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The Library of Congress > Teachers > Additional Resources > Resources from Outside the Library > US History
  • Adams Papers — The Massachusetts Historical Society presents a small number of the 250,000 manuscript pages in the Adams papers, plus biographical sketches, Adams quotes, a genealogy, and links.
    http://www.masshist.org/adams_editorial
  • Africans in America: Brotherly Love, 1791-1831 — An illustrated narrative about the period, a resource bank containing biographies, primary sources, commentary from modern historians, and a teacher's guide. The companion to the PBS series.
    http://www.pbs.org/wgbh/aia/part3/title.html
  • Alexander Hamilton — This site supports an episode of the PBS program American Experience focused on the influential New Yorker. Background, a timeline, and suggested activities are provided.
    http://www.pbs.org/wgbh/amex/hamilton/
  • American Centuries . . .View from New England — Explore the history of family life, Native Americans, African Americans, and the land through exhibits and lessons provided by the Memorial Hall Museum.
    http://www.memorialhall.mass.edu/
  • American President: John Adams — The Miller Center at the University of Virginia provides biographical information, essays, and texts of select speeches made by Adams. Also available are information on Presidents Washington and Jefferson.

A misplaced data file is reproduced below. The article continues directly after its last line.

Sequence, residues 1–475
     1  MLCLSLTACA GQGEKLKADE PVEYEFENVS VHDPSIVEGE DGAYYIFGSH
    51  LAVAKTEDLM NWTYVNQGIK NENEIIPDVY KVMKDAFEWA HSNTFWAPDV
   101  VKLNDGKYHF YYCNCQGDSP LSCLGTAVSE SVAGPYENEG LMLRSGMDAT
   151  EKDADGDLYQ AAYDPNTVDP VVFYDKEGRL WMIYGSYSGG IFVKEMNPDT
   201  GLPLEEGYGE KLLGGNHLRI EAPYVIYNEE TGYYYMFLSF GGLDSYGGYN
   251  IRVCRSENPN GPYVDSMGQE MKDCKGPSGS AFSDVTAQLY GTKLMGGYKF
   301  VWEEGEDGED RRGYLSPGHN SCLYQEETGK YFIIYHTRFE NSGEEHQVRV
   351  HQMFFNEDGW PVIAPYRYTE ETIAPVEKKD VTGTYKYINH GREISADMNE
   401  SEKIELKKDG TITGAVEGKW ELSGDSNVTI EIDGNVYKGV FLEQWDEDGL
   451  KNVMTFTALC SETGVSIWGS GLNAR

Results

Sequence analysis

http://www.millercenter.virginia.edu/academic/americanpresident/adams
  • Bill of Rights Institute — This nonprofit organization provides a variety of learning resources on the Bill of Rights.
    http://www.billofrightsinstitute.org/
  • Bill of Rights: Its History and Significance — A succinct history of the Bill of Rights, with a copy of the original listing of amendments sent to the states for ratification.
    http://www.law.umkc.edu/faculty/projects/ftrials/conlaw/billofrightsintro.html
  • Birth of the Nation: The First Federal Congress, 1789-1791 — An exhibition on the challenges faced by the first Congress convened under the new U.S. Constitution. From the First Federal Congress Project at George Washington University.
    http://www.gwu.edu/~ffcp/exhibit/
  • Common-place: The Interactive Journal of Early American Life — The American Antiquarian Society and the Gilder Lehrman Institute have designed the quarterly Common-place to be scholarly but friendly. A special issue focused on “early Cities of the Americas.”
    http://www.common-place.org/
  • The Constitution — A special issue of the journal History Now (from the Gilder Lehrman Institute) on the Constitution, with articles on James Madison, the phrase “We the People,” George Washington, race and the Constitution, and the Anti-federalists.
    http://www.gilderlehrman.org/history-now/2007-09/constitution
  • Constitutional Convention — A detailed and interesting look at the Constitutional Convention from the Ashbrook Center for Public Affairs at Ashland University.
    http://teachingamericanhistory.org/convention/